Personally, I went on to start a production company which I actually used to execute this. The plan is to be able to execute more campaigns like this for world-class brands. Although it’s a great opportunity and it’s a blessing to say the first official project was for Porsche, I’m looking to do so much more. Looking to work with tech companies, fashion brands, artists, real estate agencies etc. Just being able to create and being able to bring out magic in this way is special for me. You know, being Nigerian, you’re already at a disadvantage so there are some things that seem out of reach, but the fact that my team and I were able to accomplish this just goes to show that, for me it was Porsche, for the next person, it could be Tesla. It could be anything. I’m excited to see what the future holds.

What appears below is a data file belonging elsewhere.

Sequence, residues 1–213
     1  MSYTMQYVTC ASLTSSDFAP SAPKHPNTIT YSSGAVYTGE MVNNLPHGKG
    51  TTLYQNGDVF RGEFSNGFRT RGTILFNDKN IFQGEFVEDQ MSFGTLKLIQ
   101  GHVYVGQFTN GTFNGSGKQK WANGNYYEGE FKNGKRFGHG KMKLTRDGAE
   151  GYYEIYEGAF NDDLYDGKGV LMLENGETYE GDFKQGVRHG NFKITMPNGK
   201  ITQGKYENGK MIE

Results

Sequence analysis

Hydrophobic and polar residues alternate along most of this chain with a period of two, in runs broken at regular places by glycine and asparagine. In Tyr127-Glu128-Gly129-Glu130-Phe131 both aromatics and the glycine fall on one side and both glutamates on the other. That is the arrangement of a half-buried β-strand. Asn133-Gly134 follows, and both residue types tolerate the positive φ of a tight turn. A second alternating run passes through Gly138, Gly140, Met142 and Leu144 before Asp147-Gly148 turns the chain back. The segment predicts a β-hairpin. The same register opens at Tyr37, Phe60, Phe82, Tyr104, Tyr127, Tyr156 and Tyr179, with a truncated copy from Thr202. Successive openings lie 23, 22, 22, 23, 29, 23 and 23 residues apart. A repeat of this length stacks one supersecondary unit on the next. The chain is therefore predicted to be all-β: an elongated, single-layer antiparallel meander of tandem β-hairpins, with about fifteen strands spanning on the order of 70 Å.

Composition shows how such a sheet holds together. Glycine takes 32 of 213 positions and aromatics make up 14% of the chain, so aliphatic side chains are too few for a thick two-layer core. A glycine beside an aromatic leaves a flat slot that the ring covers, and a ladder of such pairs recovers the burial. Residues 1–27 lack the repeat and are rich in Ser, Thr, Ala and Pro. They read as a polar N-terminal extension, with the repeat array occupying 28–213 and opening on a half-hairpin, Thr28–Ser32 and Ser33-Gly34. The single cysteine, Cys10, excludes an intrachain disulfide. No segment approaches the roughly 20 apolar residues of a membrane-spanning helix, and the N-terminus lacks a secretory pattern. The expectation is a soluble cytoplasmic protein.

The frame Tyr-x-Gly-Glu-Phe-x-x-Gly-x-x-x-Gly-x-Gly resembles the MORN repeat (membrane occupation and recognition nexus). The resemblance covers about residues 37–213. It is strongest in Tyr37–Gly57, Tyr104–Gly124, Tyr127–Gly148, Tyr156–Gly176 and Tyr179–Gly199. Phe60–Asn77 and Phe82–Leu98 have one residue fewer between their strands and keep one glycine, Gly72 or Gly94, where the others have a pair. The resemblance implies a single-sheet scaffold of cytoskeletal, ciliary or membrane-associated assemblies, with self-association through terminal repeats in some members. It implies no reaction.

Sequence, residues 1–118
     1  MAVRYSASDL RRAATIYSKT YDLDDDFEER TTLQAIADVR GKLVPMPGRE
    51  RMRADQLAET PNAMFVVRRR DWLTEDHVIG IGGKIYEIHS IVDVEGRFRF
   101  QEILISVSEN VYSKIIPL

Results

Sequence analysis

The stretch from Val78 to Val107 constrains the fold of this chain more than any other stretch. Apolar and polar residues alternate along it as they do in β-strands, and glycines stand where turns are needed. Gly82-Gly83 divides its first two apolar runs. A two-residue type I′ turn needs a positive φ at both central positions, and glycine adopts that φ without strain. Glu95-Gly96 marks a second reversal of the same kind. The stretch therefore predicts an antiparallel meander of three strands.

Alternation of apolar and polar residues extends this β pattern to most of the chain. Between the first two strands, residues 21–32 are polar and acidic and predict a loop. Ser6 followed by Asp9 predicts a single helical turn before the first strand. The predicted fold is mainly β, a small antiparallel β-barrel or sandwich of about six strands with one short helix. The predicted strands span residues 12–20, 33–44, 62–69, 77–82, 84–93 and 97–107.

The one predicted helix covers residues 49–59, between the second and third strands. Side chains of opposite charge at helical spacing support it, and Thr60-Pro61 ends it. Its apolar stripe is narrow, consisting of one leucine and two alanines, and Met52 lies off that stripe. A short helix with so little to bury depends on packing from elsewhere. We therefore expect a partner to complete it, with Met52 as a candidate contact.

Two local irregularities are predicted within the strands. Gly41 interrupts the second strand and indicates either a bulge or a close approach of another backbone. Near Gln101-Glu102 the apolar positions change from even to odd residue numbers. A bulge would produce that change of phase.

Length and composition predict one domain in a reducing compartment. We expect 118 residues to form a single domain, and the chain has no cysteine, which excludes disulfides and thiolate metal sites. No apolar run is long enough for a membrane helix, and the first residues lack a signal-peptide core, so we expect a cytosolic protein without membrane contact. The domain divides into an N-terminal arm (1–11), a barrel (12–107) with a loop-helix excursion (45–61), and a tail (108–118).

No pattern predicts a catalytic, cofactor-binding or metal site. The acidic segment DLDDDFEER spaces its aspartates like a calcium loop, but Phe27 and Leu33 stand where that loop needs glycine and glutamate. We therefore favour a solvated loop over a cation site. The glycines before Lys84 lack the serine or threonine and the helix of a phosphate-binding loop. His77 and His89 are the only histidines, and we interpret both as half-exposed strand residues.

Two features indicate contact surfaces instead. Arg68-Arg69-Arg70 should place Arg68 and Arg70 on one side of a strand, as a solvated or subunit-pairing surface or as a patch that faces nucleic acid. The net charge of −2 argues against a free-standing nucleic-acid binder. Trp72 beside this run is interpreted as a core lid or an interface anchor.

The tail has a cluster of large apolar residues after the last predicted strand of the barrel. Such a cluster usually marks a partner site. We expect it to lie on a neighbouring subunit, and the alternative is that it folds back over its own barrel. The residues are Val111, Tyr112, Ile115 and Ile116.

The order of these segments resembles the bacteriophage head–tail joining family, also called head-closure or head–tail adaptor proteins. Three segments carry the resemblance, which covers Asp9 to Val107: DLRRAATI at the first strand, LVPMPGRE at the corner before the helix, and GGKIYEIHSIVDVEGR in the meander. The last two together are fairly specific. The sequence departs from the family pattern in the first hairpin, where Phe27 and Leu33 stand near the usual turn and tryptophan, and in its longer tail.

Huemaine is the production company and creative agency that I founded while creating Luxe Eko. I got the idea because I spoke to colleagues overseas and they’d talk about how there’s no reputable face for marketing agencies and advertising in Nigeria. When people want to make creative campaigns, they’d shoot in South Africa and come and use the campaigns here. Or just pay someone that’s popular but doesn’t know how to do good work. And the subpar work will discourage them from working with Nigerians again. Just seeing this and the quality of work we were able to put out, I hope it motivates more international brands to give Nigerian creatives a shot. The world is already a global village so I should be able to go from working with Porsche to working with Rolex next.
What’s it like running a luxury fashion brand in Lagos, Nigeria.